Wednesday

8th Dec 2021

Le Pen borrowed €9mn from Kremlin-linked bank

The far-right French party, Front National (FN), borrowed €9 million from a Russian bank, posing questions over its relationship with the Kremlin.

The loan, by the First Czech Russian Bank (FCRB), was granted in late September, according to a report out on Saturday (22 November) in Mediapart, an online investigative journal.

Read and decide

Join EUobserver today

Become an expert on Europe

Get instant access to all articles — and 20 years of archives. 14-day free trial.

... or subscribe as a group

It notes the FCRB is de facto owned by Roman Popov, a financier with close ties to the Russian political establishment.

Wallerand de Saint-Just, the FN’s treasurer, told Mediapart the loan was organised by Jean-Luc Schaffhauser, an FN euro-deputy.

“We’d been looking for a loan for a long time, notably to finance our election campaigns. Our bank, like many other French and European banks, categorically refused to lend a single centime to the FN or to FN candidates”, he said.

“So Mr Schaffhauser … who has had good relations in Russia for a long time, said: ‘Let me go and see this bank’.”

De Saint-Just denied the FCRB loan amounts to foreign interference in French politics, saying he has never met Popov and has only had contact with the bank’s “technical" staff.

Marine Le Pen, the FN chief and also an MEP, told French daily Le Monde that her party tried to get loans from Asian, Italian, Spanish, and US banks as well as from the Russian lender.

“The first one we managed to get, we signed, and we’re very happy … what’s scandalous is that French banks aren’t lending”, she said.

She dismissed as “ridiculous” the question whether the FCRB millions came with strings attached.

“That kind of insinuation is injurious and outlandish. Just because we got a loan, that’ll determine our international position? We’ve had the same [pro-Russian] line for a long time”, she said.

Le Pen has praised Russian leader Vladimir Putin’s actions in Ukraine and blamed the West for causing the crisis.

Her deputies vote against Russia-critical resolutions in the EU parliament.

Schaffhauser was also one of a handful of MEPs who went to monitor "elections" in the Russia-controlled Donetsk and Luhansk “republics” in east Ukraine on 2 November.

Aymeric Chauprade, Le Pen’s advisor on foreign policy, went to monitor the Crimea "referendum" on independence in March.

Le Monde reported earlier this year that Chauprade also met with Kremlin envoys in Vienna in May, along with other far-right European politicians, to discuss how to combat “European liberalism and homosexuality”.

The FN is currently polling ahead of both the centre-left and centre-right Socialist and UMP parties in France.

Meanwhile, Moscow's links to the far right are not limited to France.

Hungarian authorities have asked the EU parliament to lift the immunity of Bela Kovacs, an MEP from the far-right Jobbik party, after accusing him of taking money from Russian intelligence services.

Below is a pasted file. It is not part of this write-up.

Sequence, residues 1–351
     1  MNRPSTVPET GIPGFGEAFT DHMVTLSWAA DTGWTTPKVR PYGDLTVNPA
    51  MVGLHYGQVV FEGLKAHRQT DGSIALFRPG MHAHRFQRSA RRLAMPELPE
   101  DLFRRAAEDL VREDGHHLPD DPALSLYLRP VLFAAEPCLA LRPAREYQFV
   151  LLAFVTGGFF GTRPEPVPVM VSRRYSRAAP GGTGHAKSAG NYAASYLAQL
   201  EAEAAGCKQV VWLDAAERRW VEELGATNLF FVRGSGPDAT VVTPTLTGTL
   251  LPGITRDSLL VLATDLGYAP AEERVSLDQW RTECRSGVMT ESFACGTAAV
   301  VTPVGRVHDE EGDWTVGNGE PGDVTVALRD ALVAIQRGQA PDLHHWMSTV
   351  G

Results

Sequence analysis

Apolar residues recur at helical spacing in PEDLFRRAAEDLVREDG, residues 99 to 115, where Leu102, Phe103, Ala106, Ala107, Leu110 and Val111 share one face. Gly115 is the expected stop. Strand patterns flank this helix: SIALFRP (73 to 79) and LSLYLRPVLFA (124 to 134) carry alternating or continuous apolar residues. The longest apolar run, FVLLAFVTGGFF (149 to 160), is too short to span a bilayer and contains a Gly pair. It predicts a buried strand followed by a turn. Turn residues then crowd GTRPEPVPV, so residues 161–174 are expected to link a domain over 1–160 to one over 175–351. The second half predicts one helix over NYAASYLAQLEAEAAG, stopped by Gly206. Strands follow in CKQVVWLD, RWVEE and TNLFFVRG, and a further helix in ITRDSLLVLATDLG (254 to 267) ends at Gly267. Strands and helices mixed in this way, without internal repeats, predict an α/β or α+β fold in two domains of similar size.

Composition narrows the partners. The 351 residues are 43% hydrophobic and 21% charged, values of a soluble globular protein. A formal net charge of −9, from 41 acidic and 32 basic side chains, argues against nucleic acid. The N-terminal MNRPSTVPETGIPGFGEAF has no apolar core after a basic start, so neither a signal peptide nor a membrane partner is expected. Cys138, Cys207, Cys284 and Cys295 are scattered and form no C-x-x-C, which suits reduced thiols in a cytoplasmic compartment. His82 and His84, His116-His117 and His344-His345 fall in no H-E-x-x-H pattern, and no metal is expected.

Kovacs, who denies the allegations, like Chauprade monitored the Crimea "referendum".

Tatjana Zdanoka, a Latvian MEP from the pro-Russian Latvijas Krievu savieniba party, who also went to observe the Crimea poll, is under a similar investigation at home.

EU and UN reject 'farcical' east Ukraine votes

The EU, the UN, and Nato have rejected the outcome of “so-called elections” in east Ukraine, but Russia and a handful of fringe MEPs gave their stamp of approval.

Farage and Le Pen unite on Russia report

Britain’s Ukip and France’s National Front have teamed up with other anti-EU parties to vote against a Russia-critical resolution at the EU parliament.

News in Brief

  1. EU agrees to sanction Russian mercenaries
  2. Germany asks Iran for realistic nuclear proposals
  3. US to send troops to Europe if Russia invades Ukraine
  4. Will EU follow US on China Olympics boycott?
  5. EU flight passengers dropped 73% in 2020
  6. EU 'biggest vaccine-donor in world', von der Leyen announces
  7. Majority of EU citizens worried about internet's impact
  8. Redesigned euro banknotes coming from 2024

Opinion

Why Russia politics threaten European security

Russia could expand hostile operations, such as poisonings, including beyond its borders, if it feels an "existential" threat and there is no European pushback.

Analysis

Ten years on from Tahrir: EU's massive missed opportunity

Investing in the Arab world, in a smart way, is also investing in the European Union's future itself. Let's hope that the disasters of the last decade help to shape the neighbourhood policy of the next 10 years.

Latest News

  1. Denmark and Hungary oppose EU rules on minimum wages
  2. Slovenian corruption estimated at 13.5% of GDP
  3. Lithuania seeks EU protection from Chinese bullying
  4. Using Istanbul Convention to stop online abuse of women
  5. EU spends record €198bn on defence in 2020
  6. EU Parliament demands justice after 'anti-vax' attack on MEP
  7. Kaczyński and Le Pen make friends at anti-EU 'summit'
  8. Croat police kept handwritten logbook of likely pushbacks

Join EUobserver

Support quality EU news

Join us